-Canada

    #3663
    STEVE MASSIE
    Participant

    I have a mixture, mostly vintage Wetherby’s, older Buck Brothers, Swan, Blue Handle Marbles and a few Stanley’s.  My new chisel’s are Narex Mortice Chisels, the pair of  Narex Skew Chisels from Lee Valley and I bought one of their new 1″ PMV11 ( very nice ) and will buy a couple more in the future.  I also have a few inexpensive Japanese Chisels.  I use my vintage Wetherby’s mostly.

     

    Steve

    Steve Massie, I live in the great State of Florida, US

    #3672
    Brent Ingvardsen
    Participant

    Im still using a set of Marples Blue Chip chisels I pocked up over 15 yearS ago. I have three Popular Mechanics chisels from WalMart that are Marples copies I bought 20+ years ago that are made of really good steel. I buy a lot of tools at estate sales. Picked up a Buck Brothers mortice chisel recently. Im a tool junkie.

     

    Meridianville, Alabama, USA

    #3673
    Mexiquite
    Participant

    I’ve  been working with Faithfull chisels and they are good chisels. They are the same look, feel and function as the blue marples.

    #3675
    Anonymous
    Inactive

    Hi Jesper,

    I’d pursue Ken’s suggestions and more probably buy Ashley Iles chisels than any other brand.  This is primarily because I’ve tried and like them, but I’d not rule other makers out of the equation.  I would however take plenty of time to finalise a decision and this is basically because I would rather make the right decision for myself after gathering as much information as possible.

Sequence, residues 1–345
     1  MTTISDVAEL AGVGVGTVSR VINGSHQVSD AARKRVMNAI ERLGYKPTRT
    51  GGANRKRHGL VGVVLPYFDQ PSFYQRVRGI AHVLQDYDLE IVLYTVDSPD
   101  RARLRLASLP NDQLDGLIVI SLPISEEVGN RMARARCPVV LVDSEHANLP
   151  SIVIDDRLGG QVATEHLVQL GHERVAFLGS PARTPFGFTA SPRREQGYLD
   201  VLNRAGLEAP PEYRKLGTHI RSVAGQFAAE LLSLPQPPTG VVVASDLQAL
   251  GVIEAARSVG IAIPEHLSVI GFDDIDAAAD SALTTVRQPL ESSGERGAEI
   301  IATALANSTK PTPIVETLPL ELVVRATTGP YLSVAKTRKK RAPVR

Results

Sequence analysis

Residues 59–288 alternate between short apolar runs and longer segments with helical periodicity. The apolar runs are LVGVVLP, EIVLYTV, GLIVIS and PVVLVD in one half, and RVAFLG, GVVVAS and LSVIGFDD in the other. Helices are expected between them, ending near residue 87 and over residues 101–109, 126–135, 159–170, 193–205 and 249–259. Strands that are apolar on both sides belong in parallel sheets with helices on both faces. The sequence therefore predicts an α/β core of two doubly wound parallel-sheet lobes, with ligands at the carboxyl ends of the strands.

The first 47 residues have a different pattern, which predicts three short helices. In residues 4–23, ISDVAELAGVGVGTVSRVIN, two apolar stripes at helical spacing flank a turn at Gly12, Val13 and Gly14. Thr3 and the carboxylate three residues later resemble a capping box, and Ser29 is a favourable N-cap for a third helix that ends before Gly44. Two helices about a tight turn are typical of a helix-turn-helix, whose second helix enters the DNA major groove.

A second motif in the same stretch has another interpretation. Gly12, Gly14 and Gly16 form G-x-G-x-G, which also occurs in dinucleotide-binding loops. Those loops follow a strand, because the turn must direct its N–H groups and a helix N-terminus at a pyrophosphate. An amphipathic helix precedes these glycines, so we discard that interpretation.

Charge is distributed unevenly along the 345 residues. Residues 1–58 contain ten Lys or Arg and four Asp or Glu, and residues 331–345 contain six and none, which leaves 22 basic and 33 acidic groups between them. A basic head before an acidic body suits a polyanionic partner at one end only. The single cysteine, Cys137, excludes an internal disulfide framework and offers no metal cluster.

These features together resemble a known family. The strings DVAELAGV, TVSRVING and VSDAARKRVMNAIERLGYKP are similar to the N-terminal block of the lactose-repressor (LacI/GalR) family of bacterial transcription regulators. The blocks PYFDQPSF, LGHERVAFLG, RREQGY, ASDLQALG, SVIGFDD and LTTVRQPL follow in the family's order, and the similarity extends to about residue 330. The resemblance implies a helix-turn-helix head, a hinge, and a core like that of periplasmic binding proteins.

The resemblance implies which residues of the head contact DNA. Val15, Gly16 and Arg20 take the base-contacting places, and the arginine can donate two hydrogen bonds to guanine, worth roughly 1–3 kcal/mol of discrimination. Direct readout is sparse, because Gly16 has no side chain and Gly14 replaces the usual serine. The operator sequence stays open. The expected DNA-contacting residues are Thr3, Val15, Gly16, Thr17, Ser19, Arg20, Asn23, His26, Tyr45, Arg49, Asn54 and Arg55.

I also like the feel and heft of Faithfull bench chisels too and agree they share the feel of both Marples Blue Chip and Stanley 5002’s.  I own examples from the early 70’s by both original makers.

    Links provided regarding Maker and Model mentioned and not necessarily recommended retailers.

    New Marples Blue Chip  http://www.amazon.co.uk/Irwin-Marples-M444-Bevel-Chisel/dp/B0000224EU/ref=sr_1_1?ie=UTF8&qid=1353537314&sr=8-1

    Stanley 5002  http://www.amazon.co.uk/Stanley-5002-Bevel-Chisel-STA016129/dp/B0058NT5WS/ref=sr_1_4?s=diy&ie=UTF8&qid=1353537458&sr=1-4

    Faithfull  http://www.amazon.co.uk/Faithfull-Bevel-Chisel-Wooden-Piece/dp/B0001IWODC/ref=sr_1_1?s=diy&ie=UTF8&qid=1353537576&sr=1-1

    Marples Splitproof  http://www.amazon.co.uk/Marples-M373-Splitof-Bevel-Chisel/dp/B0001GS17W/ref=sr_1_1?s=diy&ie=UTF8&qid=1353537707&sr=1-1

     

    All of the above are good chisels, although Marples Blue Chip and Stanley 5002 do not equal the quality of their older counterparts.  My current everyday users are Marples splitproof chisels, primarily due to the nature of the grip and how they fit my arthritic hands.  I’ll be looking at re-handling my user planes sometime in the near future due to the effects of Rheumatoid Arthritis and in the hope I can continue woodworking for as long as possible. 🙂

     

    #3716

    A month ago I bought some chisels on E-Bay, old Marples, little rust, some chips, but that is ok for the price that I paid. I bought a little history, hopes and dreams, those dreams of people who used to be proud of what they’re doing. Well, enough sadness.. I just did some work on them, I learned how to do it from Paul, from his book and DVD.

    Thanks Paul, a have a lot of fun with restoring and sharpening. This was my first attempt of free hand sharpening. I can shave my hand, slice  paper, I can!

    Thanks again Paul! May be one day I will meet you in person )

    With all respect,

    Serhiy

    Toronto, Canada

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    #3718

    And next one is the backs of the chisels, they are amazing ))

    Toronto, Canada